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The book- “Research on the Moghols in Afghanistan” by Dr. Umesao Tadao, a Japanese scholar was translated into Mongolian language in 2019 by Dr. P. Naranbayar and edited by Honourable Sh. Choimaa, an eminent Mongolian historian.
However the full history of Mongol soldiers in Afghanistan and India was not known in Umesao Tadao’s time.
I have written a book in Mongolian and English languages – “Ancient ties and contacts between Mongolia and India” in 2020 enshrining the results of my research during half a century. It was published for the 65th Anniversary of establishment of diplomatic relations between Mongolia and India.
Afghanistan was a bridge between Mongolia and the Delhi Sultanate in the XIII-XIV centuries.
Moghol, Moghul and Moghul Empire are synonymous with Mongol and Mongolia as pronounced in Persian language. Some Persian books also refer to Moghulstan or Mongolstan.
The Moghul Empire was founded by Babur who said that he was son-in–law to Chinggis Khaan (Chagatai khan) and his ancestry is traced to Barlas Aimak of Mongolia who came to Central Asia with Chagatai Khan.
The Moghul Empire can be seen as an offspring of the Great Mongolian State as Babur claimed. Other branches of the Mongolian Confederacy were the Golden Horde, the Chagatai Ulus, the Kipchak. the Ilkhanid kingdom of Iran and the Yuan empire of China.
From the XIIth to the XVIII centuries, Chinggis Khan’s descendents ruled Central Asia and in Xinjiang Uyghur Autonomous Region of PRC they remained in power until 1949. Chagatai was the official language of Chagatai Ulus in which the historical annals of Mongols and Chagatai khan were written. So the people of these countries have the right to claim the heritage of Chagatai khan but not of Chinggis Khan himself. We, Mongols, should make additional historical references to the Chagatai language together with Mongols, living in Xinjiang Uyghur Autonomous, PRC. Chaggatai has the connotation of the equestrian nobility and acrobatic horse riding in Russian is still called ‘jigitovka’. In Turkish ‘Jigit’ means knight.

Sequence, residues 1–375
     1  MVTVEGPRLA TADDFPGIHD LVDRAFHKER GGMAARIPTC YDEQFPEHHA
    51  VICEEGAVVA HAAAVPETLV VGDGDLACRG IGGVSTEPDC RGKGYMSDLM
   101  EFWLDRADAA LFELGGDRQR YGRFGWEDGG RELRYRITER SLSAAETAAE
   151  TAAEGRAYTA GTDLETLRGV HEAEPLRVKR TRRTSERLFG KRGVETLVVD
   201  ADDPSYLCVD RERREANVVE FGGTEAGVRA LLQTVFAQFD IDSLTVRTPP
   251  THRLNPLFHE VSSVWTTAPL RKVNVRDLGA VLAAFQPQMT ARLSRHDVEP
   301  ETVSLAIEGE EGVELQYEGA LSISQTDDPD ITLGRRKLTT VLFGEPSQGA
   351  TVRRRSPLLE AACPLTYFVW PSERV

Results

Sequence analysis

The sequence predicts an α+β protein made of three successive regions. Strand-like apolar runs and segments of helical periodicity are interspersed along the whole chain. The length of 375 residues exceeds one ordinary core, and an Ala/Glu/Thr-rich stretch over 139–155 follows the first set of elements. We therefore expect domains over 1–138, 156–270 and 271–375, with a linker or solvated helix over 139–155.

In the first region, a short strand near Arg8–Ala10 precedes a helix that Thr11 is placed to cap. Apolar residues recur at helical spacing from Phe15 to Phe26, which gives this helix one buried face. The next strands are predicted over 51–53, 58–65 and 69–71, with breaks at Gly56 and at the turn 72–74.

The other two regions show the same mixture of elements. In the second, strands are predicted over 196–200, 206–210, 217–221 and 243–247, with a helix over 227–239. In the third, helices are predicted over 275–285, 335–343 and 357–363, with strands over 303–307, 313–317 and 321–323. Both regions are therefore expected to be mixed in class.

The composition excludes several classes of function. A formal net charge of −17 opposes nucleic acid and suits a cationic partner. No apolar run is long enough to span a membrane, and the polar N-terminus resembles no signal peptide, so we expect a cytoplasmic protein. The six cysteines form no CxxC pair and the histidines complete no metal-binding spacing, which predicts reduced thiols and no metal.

Regarding Moghols (Mongols) and Hazaras, who settled separately in Afghanistan, the Mongols lived in large numbers in the XIII–XIV centuries in that area which was then part of Khorassan.
During their wars with Mongols in the 1300-1400s the Sultans of Delhi brought back 20000 to 30000 Mongol soldiers as captives to Delhi and made them convert to Islam but there remained large numbers of them on the Indo-Afghan confines.
Foreigners and foreign scholars who worked in India and Afghanistan noticed that these soldiers spoke the old Mongol language with a western Mongolian accent.
According to Persian sources, these Mongol soldiers came from the Great Mongolian State, including its main branches earlier cited, Some of them married local Afghan and Indian women which greatly enlarged the Mongol community in Afghanistan.
The Shi’ite Hazaras in Afghanistan are different then these Mongols though they still retain a bit of the ancient Mongolian language and culture. The Mongols of that region eventually mixed with Hazaras and local peoples of Afghanistan and India. Only few are still aware that they carry Mongol blood.